Diabetes patients may struggle to produce the hormone insulin, according to the NHS.
Insulin is needed to convert sugar in the blood into useable energy.
It’s crucial that if you think you have diabetes, you speak to a doctor as soon as possible, as it could lead to a number of deadly complications.
One of the key warning signs of diabetes is having bad breath, it’s been claimed.
Is bad breath a sign of diabetes?
Your breath could reveal whether you have diabetes, according to Bupa Dental Care’s specialist in oral surgery and head of clinical operations, Stephen Barter.
Your breath may smell of pear drops, he said, which is also a sign of diabetic ketoacidosis.
Diabetic ketoacidosis is caused by the body breaking down fat in the absence of insulin.
This subsequently releases a number of harmful substances called ketones, which trigger the smell of pear drops in the mouth.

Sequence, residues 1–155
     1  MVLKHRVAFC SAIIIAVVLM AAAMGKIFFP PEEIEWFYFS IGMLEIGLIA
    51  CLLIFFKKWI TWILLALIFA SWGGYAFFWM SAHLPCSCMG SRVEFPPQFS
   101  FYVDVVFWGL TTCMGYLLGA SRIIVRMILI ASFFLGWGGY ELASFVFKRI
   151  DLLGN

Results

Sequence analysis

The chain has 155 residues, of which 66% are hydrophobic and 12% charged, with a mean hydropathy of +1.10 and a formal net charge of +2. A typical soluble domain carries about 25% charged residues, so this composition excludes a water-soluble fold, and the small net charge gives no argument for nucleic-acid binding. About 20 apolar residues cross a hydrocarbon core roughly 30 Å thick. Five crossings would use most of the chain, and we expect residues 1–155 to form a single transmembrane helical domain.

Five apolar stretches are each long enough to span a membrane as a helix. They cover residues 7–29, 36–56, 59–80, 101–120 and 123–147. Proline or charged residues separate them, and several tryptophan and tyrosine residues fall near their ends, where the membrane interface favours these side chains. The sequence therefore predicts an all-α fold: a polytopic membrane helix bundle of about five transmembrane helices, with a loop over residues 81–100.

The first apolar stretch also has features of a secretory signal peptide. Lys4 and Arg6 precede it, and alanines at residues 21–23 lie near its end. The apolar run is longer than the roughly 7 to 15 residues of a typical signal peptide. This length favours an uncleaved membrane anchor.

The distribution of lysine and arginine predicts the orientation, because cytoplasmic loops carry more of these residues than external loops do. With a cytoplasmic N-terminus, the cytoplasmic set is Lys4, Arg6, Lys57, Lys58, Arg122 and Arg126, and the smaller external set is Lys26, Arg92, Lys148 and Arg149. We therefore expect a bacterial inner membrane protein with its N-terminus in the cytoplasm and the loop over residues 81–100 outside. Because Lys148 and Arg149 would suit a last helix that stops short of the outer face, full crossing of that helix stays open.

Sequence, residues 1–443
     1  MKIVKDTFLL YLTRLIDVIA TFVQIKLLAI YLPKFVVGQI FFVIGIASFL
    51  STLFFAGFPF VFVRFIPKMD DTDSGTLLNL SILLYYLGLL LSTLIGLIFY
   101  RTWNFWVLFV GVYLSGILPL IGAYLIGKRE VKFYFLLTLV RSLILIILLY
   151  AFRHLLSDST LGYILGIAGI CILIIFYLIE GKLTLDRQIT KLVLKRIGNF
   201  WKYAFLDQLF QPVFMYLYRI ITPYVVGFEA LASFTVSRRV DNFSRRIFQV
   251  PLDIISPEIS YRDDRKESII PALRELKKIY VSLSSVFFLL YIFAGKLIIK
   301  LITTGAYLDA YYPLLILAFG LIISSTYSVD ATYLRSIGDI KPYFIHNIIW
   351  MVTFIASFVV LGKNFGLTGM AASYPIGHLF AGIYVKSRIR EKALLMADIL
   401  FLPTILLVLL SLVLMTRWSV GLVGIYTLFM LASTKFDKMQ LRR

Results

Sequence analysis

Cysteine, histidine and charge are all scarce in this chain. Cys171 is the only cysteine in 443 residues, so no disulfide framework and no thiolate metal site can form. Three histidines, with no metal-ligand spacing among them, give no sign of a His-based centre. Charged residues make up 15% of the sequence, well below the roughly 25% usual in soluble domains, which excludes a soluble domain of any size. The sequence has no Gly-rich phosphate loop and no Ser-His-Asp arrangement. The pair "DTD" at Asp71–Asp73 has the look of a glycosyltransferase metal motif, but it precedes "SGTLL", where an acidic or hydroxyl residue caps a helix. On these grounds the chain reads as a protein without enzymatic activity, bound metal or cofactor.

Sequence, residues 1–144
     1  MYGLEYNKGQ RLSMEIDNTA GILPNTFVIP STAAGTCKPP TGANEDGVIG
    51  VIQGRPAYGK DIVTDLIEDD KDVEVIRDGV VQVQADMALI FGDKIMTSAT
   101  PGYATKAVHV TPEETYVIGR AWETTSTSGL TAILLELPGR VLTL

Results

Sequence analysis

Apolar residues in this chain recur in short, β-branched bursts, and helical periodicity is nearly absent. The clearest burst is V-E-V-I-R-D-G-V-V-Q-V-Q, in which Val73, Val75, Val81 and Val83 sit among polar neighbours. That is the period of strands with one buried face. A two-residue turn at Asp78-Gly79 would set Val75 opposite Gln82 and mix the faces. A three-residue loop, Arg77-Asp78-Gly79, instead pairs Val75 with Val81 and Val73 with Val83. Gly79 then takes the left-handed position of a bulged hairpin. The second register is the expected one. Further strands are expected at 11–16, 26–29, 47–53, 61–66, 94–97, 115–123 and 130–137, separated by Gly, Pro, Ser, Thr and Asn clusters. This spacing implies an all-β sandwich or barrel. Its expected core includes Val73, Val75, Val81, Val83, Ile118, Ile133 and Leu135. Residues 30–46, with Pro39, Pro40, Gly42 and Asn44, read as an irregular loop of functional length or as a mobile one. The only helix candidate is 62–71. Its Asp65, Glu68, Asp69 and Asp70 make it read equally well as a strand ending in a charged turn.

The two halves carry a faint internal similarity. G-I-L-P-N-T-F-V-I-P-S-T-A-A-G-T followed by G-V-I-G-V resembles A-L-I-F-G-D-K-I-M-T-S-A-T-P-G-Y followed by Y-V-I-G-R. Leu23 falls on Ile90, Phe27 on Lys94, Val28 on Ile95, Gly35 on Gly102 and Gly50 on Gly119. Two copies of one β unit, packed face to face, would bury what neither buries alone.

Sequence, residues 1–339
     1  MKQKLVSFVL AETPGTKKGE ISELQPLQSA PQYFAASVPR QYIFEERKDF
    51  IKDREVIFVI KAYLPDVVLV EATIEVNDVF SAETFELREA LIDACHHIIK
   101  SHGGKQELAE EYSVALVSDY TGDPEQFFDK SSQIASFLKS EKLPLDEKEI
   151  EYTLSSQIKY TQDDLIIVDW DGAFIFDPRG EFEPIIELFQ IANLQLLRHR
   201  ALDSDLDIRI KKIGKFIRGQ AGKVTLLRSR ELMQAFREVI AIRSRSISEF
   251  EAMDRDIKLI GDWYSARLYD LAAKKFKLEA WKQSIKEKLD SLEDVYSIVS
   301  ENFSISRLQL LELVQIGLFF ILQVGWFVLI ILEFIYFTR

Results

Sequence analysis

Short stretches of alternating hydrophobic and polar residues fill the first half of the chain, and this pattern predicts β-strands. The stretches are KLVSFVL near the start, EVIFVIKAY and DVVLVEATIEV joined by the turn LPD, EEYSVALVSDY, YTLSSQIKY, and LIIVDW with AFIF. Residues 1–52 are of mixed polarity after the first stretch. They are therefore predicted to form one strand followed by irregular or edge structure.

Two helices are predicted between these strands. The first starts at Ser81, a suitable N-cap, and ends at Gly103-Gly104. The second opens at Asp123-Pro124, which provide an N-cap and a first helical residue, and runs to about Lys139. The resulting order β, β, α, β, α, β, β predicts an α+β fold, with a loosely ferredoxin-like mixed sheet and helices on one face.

“Diabetes in the UK population is on the increase and represents a significant challenge for the Health Service,” Barter told Express.co.uk.
“Dentists can play a vital role here too as symptoms of diabetes can be apparent not only during a patient’s check-up but also following dental procedures.
“For example, a perception of the smell of pear drops is often indicative of uncontrolled diabetes and is something patients will need to see their doctor about.
“One of the effects of diabetes is a reduced ability for the body to heal and an associated increase risk of infection.
“The dentist will be closely monitoring the advancement of gum disease, a failure to heal properly following dental procedures or an infection that is more severe than would normally be expected.”
Diabetes could also lead to an unpleasant smell in the mouth, according to medical website Diabetes.co.uk.
It’s caused by gum disease, which has been linked to high blood sugar.
Higher blood sugar levels in the mouth provide the ideal environment for bacteria, which leads to the bad breath.
But many people may have diabetes without even knowing it, warned the NHS.
That’s because some of the symptoms may be confused for something less serious.
Common diabetes symptoms include passing more urine than normal, feeling very fatigued, and having an unquenchable thirst.
Speak to a doctor if you’re worried about the warning signs of diabetes.